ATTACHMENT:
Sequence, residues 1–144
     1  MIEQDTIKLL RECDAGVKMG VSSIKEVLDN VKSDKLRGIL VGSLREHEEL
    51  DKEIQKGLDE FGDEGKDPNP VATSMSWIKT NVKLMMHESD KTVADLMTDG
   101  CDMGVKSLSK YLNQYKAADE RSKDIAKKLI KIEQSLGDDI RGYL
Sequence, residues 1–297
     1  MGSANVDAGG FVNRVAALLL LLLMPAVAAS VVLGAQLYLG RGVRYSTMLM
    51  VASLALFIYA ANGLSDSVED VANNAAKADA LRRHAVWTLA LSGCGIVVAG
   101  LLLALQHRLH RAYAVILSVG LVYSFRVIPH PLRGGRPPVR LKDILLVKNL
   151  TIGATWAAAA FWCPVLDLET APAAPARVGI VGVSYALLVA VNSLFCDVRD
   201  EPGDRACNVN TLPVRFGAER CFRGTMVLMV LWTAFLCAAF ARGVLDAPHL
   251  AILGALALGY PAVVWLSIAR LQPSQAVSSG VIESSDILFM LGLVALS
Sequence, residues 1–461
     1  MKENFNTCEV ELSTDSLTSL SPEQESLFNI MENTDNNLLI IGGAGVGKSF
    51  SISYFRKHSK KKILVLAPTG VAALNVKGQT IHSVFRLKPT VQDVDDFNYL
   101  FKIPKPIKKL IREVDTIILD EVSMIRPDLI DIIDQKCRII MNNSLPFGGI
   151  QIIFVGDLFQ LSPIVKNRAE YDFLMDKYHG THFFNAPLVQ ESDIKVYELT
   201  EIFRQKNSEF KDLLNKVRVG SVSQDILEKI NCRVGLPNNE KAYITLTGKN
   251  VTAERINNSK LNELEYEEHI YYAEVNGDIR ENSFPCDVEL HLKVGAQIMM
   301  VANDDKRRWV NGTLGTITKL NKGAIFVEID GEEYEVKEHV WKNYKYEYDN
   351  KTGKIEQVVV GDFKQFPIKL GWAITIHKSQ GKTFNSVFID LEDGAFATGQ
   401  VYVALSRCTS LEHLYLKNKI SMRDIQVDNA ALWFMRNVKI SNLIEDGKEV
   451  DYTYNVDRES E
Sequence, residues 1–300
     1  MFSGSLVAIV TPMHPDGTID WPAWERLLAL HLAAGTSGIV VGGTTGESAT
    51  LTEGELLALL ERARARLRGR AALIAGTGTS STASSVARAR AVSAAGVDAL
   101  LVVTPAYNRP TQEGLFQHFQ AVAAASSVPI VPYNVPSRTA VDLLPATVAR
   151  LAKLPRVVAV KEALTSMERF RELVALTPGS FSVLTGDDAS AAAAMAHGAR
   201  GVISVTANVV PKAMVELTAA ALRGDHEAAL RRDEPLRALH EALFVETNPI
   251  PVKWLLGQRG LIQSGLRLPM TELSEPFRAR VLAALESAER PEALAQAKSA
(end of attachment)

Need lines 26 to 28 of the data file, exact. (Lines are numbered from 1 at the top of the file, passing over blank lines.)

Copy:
   101  LVVTPAYNRP TQEGLFQHFQ AVAAASSVPI VPYNVPSRTA VDLLPATVAR
   151  LAKLPRVVAV KEALTSMERF RELVALTPGS FSVLTGDDAS AAAAMAHGAR
   201  GVISVTANVV PKAMVELTAA ALRGDHEAAL RRDEPLRALH EALFVETNPI